It’s time for some 2024 AML predictions. These are guaranteed to be 100% accurate. How is that? Because each is based on something that has remained the same for thousands of years – human nature. Human nature is the best frame for prediction-making. Let’s apply it to AML for 2024.

▪ Greed & Power: A sizable number of people from all parts of the world will commit crimes to increase their wealth, harm others, and seek control. This has never not happened. And it happens more when systems of control, like laws and stable governments, weaken and break down. Look around – our complex systems are unstable, and many are failing. Crime will go up. This creates more risk for all financial organizations.

▪ Curiosity: AI and Machine Learning, we’re told, will bring improvements to decade-old AML problems. Financial Crime Compliance buyers want to learn more. They want to see if the hype is real. This creates selling opportunities for software firms to help improve AML. But…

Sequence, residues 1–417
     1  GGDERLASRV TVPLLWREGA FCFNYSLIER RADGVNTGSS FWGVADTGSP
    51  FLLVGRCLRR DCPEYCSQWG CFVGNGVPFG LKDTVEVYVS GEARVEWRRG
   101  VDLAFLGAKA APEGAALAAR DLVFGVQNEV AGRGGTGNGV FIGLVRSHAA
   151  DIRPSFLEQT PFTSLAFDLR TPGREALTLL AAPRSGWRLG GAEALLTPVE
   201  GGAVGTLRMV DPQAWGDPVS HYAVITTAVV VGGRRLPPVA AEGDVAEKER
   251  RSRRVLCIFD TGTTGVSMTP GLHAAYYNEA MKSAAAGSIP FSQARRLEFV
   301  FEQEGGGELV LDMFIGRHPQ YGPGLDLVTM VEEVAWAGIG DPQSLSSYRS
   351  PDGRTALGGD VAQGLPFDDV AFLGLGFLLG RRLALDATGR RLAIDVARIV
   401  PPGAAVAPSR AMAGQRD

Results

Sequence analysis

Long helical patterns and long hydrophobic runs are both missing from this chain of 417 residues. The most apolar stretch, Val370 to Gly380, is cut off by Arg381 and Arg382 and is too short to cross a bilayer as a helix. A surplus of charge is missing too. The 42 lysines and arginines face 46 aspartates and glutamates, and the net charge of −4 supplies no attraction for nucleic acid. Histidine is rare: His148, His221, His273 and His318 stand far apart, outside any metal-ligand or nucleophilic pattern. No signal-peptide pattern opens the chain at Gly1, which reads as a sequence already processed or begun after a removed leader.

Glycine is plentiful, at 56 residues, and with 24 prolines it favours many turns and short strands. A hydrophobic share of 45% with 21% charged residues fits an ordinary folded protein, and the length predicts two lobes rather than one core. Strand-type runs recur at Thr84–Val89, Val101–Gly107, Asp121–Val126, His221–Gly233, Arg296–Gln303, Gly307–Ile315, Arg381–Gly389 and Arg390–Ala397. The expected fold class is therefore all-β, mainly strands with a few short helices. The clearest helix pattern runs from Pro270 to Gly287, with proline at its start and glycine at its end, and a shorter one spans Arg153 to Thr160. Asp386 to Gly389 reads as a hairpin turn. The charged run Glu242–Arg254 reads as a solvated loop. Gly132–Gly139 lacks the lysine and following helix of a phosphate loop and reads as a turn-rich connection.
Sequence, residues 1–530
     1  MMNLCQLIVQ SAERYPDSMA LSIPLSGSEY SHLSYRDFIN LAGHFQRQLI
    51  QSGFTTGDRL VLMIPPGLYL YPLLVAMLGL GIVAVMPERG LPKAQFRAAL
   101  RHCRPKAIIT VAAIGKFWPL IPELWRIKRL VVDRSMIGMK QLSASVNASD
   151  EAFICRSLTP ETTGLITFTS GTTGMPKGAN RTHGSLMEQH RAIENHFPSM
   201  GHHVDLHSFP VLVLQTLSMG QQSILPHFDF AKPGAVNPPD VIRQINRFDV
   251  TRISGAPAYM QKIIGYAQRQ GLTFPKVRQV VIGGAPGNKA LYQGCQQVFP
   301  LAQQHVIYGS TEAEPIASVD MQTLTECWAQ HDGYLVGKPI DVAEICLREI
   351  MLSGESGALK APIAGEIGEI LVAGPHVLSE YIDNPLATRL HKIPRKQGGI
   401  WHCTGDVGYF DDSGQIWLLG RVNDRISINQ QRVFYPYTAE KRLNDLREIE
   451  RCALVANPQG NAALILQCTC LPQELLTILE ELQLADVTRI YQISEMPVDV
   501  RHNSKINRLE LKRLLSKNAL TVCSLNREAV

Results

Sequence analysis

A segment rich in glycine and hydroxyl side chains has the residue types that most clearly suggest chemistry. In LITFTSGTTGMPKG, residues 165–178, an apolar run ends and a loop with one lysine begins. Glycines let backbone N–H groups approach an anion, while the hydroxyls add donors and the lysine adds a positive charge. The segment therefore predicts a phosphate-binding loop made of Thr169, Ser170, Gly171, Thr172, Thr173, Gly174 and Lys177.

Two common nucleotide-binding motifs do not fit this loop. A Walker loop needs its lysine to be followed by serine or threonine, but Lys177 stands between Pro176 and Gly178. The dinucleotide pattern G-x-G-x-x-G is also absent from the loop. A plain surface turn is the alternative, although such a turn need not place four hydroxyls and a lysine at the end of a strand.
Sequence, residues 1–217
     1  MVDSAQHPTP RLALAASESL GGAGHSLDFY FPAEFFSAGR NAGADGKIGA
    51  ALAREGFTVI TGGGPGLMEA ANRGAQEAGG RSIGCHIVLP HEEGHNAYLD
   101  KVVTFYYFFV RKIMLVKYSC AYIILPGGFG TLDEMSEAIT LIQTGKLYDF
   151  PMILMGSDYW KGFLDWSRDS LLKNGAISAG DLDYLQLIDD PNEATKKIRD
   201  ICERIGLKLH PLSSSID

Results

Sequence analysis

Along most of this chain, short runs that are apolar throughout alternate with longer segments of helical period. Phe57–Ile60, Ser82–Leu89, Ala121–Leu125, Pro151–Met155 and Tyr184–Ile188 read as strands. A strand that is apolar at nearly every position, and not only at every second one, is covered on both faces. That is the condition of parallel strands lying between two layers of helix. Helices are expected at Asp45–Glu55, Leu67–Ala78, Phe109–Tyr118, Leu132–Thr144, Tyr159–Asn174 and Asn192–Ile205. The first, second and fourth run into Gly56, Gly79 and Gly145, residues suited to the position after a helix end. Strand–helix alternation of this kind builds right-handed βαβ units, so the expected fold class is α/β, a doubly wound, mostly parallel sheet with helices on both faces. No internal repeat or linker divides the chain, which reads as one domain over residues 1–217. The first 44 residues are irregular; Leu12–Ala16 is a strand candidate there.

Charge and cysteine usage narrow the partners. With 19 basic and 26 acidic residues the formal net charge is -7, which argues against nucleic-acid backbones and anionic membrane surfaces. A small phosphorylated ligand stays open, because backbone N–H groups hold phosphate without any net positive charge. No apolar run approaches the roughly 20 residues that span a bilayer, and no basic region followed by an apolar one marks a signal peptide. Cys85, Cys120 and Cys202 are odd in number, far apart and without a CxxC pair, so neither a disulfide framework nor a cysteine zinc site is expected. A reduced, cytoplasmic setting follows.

▪ Self Preservation, Protection, and Risk Aversion are why we still exist. Without caution and wariness of the unknown, we’d be extinct. Our primal brains resist change. We seek the safety of the status quo. For AML operations, this means no dramatic changes. Regulators will continue to protect themselves and their agencies by questioning all changes AML programs make. This keeps progress to a crawl. AML executives will explore new software but won’t ditch existing applications for entirely new approaches. People who run people-based operations will still rely on people.

▪ Progress: Without progress and adaptation to changes, we also would not exist. In regulated environments, this means small changes occur slowly. Some of these changes will be in 2024. One example is adapting to the expected rollout of the new UBO identification rules in the US. But nothing will be “reimagined” or “transformed.” Slow progress – yes. Upheaval – no.

To hold ourselves accountable, we will check back with this in 12 months to see if:
▪ Worldwide crime increased.
▪ AML executives learned more about new technology but made few, if any, significant new software purchases.
▪ Regulators were suspect of new approaches, which kept change to a minimum.
▪ More people, not fewer, work in AML.
▪ New regulation rollouts were confusing, created a lot of concern, were implemented, and then became part of the updated status quo.

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